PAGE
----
Lying for Jesus: Is It Ever Acceptable?

I have two pressing questions about which I need your help. The two might appear to be unrelated but what ties them together is an Islamophobic radio host who works for a group on the Southern Poverty Law Center's list of hate groups.

Here they are:

  1. Is it acceptable to lie if you're lying for Jesus?
  2. What's the opposite of plagiarism?

These two questions stem from comments that Bryan Fischer made on his radio show last week. Drawing on his background as a pastor, he proudly discussed how he fought a "knucklehead" member of the Boise city council who wanted to remove a statue commemorating the Ten Commandments from a city park. Although Fischer failed and the statue was removed because of the establishment clause of the first amendment of the US Constitution, now, years later, he's still angry.

Fischer tied this event to his antipathy for those with religious beliefs different from his and claimed that unless someone is devoted to Jesus Christ and to "the public acknowledgement of the Ten Commandments," s/he is a traitor.

Alluding to George Washington's Farewell Address as his source, Fischer said:


George Washington said, "Look, a guy cannot be considered a patriot, he cannot be considered a patriotic American, if he labors to subvert either Christianity or the Ten Commandments." The essence of what it means to be a patriot, according to George Washington, the definition of patriotism, the essence of patriotism, is a man who is a sincerely devoted follower of Jesus Christ and seeks to live his life by the Ten Commandments, who adheres to Christianity and to the Ten Commandments. That is the definition and the mark and the hallmark of a patriot.

He concludes with the following amazing statement: "You want to find a traitor to your country, find somebody who is actively working to oppose Christianity and oppose the public acknowledgment of the Ten Commandments. You are looking, my friend, right there at an American traitor."

Here's the full audio clip to show you I'm not making this up!

The fact is, however, that George Washington never said what Fischer claimed he said. In his Farewell Address, Washington made a far more generic point. He said, "Of all the dispositions and habits which lead to political prosperity, Religion and morality are indispensable supports. In vain would that man claim the tribute of Patriotism, who should labour to subvert these great Pillars of human happiness, these firmest props of the duties of Men & citizens." Hardly the rousing defense of Jesus Christ Fischer claims.

Similarly, in his 1790 Letter to Touro Synagogue, Washington said something in direct opposition to what Fischer claims. In response to a letter from Moses Seixas, warden of the Touro Synagogue in Newport, Rhode Island, looking for assurance of religious freedom for Jews, Washington demonstrated a very different understanding of good citizenship and patriotism than that offered by Fischer:

The Citizens of the United States of America have a right to applaud themselves for having given to mankind examples of an enlarged and liberal policy: a policy worthy of imitation. All possess alike liberty of conscience and immunities of citizenship. It is now no more that toleration is spoken of, as if it was by the indulgence of one class of people, that another enjoyed the exercise of their inherent natural rights. For happily the Government of the United States, which gives to bigotry no sanction, to persecution no assistance requires only that they who live under its protection should demean themselves as good citizens, in giving it on all occasions their effectual support.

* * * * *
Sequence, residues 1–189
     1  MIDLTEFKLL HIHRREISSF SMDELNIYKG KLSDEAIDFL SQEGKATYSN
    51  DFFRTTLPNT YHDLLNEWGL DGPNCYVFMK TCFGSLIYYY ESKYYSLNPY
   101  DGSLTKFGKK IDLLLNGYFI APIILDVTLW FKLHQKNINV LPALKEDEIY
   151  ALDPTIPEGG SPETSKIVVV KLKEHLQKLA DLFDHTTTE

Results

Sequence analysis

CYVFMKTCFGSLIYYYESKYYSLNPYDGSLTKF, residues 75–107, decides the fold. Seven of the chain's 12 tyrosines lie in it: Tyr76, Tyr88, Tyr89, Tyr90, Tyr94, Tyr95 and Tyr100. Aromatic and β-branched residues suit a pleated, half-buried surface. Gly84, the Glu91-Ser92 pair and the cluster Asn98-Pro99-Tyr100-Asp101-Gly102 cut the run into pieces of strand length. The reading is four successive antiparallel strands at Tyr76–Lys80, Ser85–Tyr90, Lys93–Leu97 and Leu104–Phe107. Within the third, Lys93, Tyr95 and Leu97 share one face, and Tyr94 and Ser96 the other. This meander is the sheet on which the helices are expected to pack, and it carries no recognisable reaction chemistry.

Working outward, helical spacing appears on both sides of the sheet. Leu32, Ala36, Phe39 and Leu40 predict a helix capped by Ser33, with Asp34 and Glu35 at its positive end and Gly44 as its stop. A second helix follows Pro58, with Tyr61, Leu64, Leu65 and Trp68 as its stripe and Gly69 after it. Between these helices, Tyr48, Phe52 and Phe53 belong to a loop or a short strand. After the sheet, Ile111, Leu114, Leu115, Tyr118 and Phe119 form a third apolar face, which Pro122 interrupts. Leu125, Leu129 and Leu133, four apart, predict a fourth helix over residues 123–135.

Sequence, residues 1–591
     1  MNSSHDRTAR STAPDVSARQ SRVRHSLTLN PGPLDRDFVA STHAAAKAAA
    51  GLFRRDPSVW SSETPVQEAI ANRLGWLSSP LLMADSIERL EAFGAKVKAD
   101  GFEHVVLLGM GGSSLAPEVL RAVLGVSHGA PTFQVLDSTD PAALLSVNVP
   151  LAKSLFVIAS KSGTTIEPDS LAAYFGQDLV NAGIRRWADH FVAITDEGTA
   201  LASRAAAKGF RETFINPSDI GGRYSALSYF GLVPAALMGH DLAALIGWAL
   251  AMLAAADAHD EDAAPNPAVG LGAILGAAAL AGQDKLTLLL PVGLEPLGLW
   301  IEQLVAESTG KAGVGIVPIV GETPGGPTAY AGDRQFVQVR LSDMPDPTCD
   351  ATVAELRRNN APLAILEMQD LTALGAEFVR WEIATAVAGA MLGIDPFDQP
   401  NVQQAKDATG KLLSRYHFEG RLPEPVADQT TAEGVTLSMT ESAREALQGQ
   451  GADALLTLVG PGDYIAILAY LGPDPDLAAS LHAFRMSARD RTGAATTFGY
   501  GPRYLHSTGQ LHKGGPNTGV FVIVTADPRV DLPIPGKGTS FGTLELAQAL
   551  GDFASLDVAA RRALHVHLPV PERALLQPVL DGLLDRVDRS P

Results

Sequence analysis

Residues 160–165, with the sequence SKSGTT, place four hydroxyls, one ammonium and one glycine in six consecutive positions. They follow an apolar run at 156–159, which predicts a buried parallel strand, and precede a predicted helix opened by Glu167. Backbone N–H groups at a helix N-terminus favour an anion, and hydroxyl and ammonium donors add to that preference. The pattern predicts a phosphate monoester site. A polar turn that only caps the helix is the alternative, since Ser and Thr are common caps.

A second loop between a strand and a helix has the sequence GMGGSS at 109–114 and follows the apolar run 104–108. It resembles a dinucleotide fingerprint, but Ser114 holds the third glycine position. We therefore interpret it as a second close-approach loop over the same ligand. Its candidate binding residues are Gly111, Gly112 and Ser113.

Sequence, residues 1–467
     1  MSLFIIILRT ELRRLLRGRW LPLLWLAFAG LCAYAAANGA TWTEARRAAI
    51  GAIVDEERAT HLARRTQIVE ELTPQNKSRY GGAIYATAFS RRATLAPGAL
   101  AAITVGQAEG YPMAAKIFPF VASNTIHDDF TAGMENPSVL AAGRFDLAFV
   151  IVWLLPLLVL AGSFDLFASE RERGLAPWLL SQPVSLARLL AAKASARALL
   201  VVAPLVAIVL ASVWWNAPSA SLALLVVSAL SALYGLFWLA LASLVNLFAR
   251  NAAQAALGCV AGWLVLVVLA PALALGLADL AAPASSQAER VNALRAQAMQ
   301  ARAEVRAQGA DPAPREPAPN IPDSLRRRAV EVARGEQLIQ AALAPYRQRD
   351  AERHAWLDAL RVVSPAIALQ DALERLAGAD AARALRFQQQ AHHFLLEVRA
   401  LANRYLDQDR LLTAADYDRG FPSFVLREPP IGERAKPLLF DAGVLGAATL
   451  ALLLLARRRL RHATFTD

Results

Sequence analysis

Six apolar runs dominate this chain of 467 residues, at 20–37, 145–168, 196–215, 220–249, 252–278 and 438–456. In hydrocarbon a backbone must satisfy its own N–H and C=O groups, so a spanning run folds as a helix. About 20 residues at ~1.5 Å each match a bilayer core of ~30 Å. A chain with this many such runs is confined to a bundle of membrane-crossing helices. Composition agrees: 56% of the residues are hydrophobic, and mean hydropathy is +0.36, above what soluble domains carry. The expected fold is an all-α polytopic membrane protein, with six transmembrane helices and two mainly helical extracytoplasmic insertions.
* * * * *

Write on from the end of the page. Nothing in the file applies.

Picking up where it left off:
So, no, Washington certainly didn't claim that only "a sincerely devoted follower of Jesus Christ" can be a patriot. And, no, you can't look to someone's religion to decide if that person is a traitor.

Fischer has a penchant for castigating those with religious beliefs that differ from his. One example will make this point. In a piece he published a while back entitled "Islam and the First Amendment: privileges but not rights," Fischer claimed "From a constitutional point of view, Muslims have no First Amendment right to build mosques in America."

While Fischer might well be a bigot, he's certainly not an idiot. He has to know that his claims about Washington are untrue and that point returns me to my two questions.

Years ago, I was ambushed by Ken Ham, the head of Answers in Genesis, the organization in charge of the two Kentucky creationist theme parks called The Creation Museum and Ark Encounter, when I agreed to do an interview on a fundamentalist Christian radio show. To my surprise, Ken was on the show ready to debate me. As I wrote years ago, "When asked why neither the host nor Ken had the courtesy to inform me that I was to participate in a debate rather than in an interview, I was told that they believed that I wouldn't have accepted their offer had I been told the truth. When I questioned them about the deception, I was told that since the debate was to further God's wishes, a minor deception of this sort was acceptable."

What Ham did seems similar to what Fischer has done: deceiving or lying to, in their minds, further God's wishes. If this sort of behavior is acceptable, what, really, does it mean to be a Christian?

We all know that plagiarism means taking of someone else's words or ideas and claiming them as your own. What is it called when you take your own words and claim that they were uttered by someone else? What is the appropriate terminology for the reverse of plagiarism, for this is exactly what Bryan Fischer did and he has to know it.

Even in our post-factual world, such behavior has to be considered unacceptable.